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The Second-Gen Mercedes-Benz S-Class Is a Classic Car You Can Drive Every Day


I’ve had a thing for old Mercedes-Benz S-Classes for as long as I can remember. Whether it was seeing my fellow grade school students being dropped off at one curbside or seeing them on the big screen — specifically, Chinese Triads chasing Mel Gibson and Danny Glover in a late-1980s 420SEL in Lethal Weapon 4) — I’ve always wanted a Mercedes-Benz W126. I recall my 15-year-old self, circa 2005, sifting through the plethora of used examples on AutoTrader in search of one as my first car.

However, when I expressed my desire to own any old Mercedes-Benz, let alone a W126, I was met with a barrage of criticism.

“You’ll go bankrupt,” they predicted. They described it as a “money pit.” “They’re complicated and not worth repairing,” they explained. Nothing they said could stop me from living my late-1980s yuppie fantasies, especially since I could do so for a fraction of the price they were when new. I mean, how difficult and costly could it be?

I didn’t find my dream Mercedes-Benz W126 right away

Due to high gas prices at the time, I had to settle for an exceptionally clean, one-owner late-model W124 coupe as my first car, which I still swear is the best car I’ve ever owned. It taught me that keeping a pre-Daimler Chrysler Mercedes on the road didn’t have to be difficult or expensive — even for a cash-strapped high-school student flipping burgers all summer.

My passion for vintage Three-Pointed Stars eventually led me to a ’75 W116 280S, which I kept running on a shoestring college budget, and later to a ’74 W116 450SEL with its V8 engine. (It is still in my possession.)

However, in February 2020, just before the end of the world, I found myself towing home a well-kept one-owner 143,000-mile 1987 560SEL that I’d gotten for $1,500.

Rumor has it old Benzes are expensive to fix. Not always

“Nothing is more expensive than a cheap Mercedes,” they claim. That saying has some truth to it, but as we see in the rest of life, not everything regurgitated into an echo chamber about old Benzes is always true. I’ve yet to spend as much money on maintenance on my 560SEL as I have on my 2011 Honda Accord V6 Coupe, which I bought brand new in college after totaling my W124.

Some repairs on an old Mercedes can be costly, but the situation isn’t that different or more expensive than any other car of similar vintage. And it’s far less expensive than attempting to repair a newer vehicle. Rebuilding the fuel pump assembly costs around $400 in Mercedes-Benz Genuine Parts and can be done at home on a Sunday afternoon with basic tools. With my Honda, the pump alone costs about the same. When servicing a late V8 W126’s dreaded timing chain — a known 100,000-mile wear item — the situation is similar. The water pump and timing belt service on my Honda cost me twice as much to repair.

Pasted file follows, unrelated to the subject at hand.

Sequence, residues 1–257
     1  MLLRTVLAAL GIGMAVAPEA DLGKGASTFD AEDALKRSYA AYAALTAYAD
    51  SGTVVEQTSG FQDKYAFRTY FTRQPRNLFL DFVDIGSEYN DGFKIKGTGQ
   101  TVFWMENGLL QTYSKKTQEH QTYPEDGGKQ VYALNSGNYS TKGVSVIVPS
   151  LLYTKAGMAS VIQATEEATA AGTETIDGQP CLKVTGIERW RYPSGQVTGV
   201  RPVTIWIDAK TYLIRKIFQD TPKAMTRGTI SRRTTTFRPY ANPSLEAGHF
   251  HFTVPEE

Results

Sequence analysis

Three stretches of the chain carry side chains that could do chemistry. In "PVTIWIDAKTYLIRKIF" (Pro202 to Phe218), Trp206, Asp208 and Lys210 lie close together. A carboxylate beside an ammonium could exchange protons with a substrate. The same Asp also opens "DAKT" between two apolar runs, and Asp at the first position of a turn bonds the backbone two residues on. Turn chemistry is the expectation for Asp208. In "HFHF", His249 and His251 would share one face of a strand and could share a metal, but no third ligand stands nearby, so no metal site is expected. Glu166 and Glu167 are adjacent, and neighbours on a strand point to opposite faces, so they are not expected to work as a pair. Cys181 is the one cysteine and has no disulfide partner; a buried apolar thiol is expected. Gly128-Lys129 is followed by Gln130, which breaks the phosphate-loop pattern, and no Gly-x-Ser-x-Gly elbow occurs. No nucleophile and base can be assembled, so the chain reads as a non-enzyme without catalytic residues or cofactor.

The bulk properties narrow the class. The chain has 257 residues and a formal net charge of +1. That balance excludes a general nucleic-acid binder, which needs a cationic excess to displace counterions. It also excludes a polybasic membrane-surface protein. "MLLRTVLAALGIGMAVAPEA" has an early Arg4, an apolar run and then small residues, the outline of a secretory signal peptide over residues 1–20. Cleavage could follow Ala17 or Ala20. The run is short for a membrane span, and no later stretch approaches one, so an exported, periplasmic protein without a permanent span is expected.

Rebuilding nearly the entire front end, replacing rear springs, spark plugs, ignition wires and coil, the idle vacuum system, the air conditioning, the fuel injectors and related system items, and even servicing the “loathed” hydropneumatic self-leveling suspension were all similar affairs and expenses.

I’ve only had to call a tow truck once, when the 560 left me stranded at my father’s house due to a blown transmission pump seal. That bill came to a hefty but not unreasonable $2,600 — my largest old Mercedes tax to date. But, because I’d already budgeted a similar amount for my mechanic to replace all of the rubber gaskets on my transmission — something I’m not prepared to tackle at home — it didn’t completely catch me off guard.

My Mercedes S-Class has been cheaper than leasing something less rewarding

I’m probably going to buy my car for around $14,000 total, including tires, registration, and sales tax. That’s a price that most people would consider a “money pit” for a car, but everything is relative. I paid $1,500 for it outright, with it running and driving. Because I got it so cheap, I had no qualms about spending the money I did today to get it in turnkey condition. Divided by nearly 42,000 miles driven since purchase, the math comes out to about 33 cents per mile, not including the gas bill.

With today’s rates, these figures aren’t far off from leasing a new and reasonably equipped Toyota Camry for 36 months at 15,000 miles per year. I know which one I’d prefer, and at the end of the day, I own my car outright. Also, keep in mind. The W126 had a sticker price of around $72,000 in 1987, which translates to $183,238 in today’s money after inflation.

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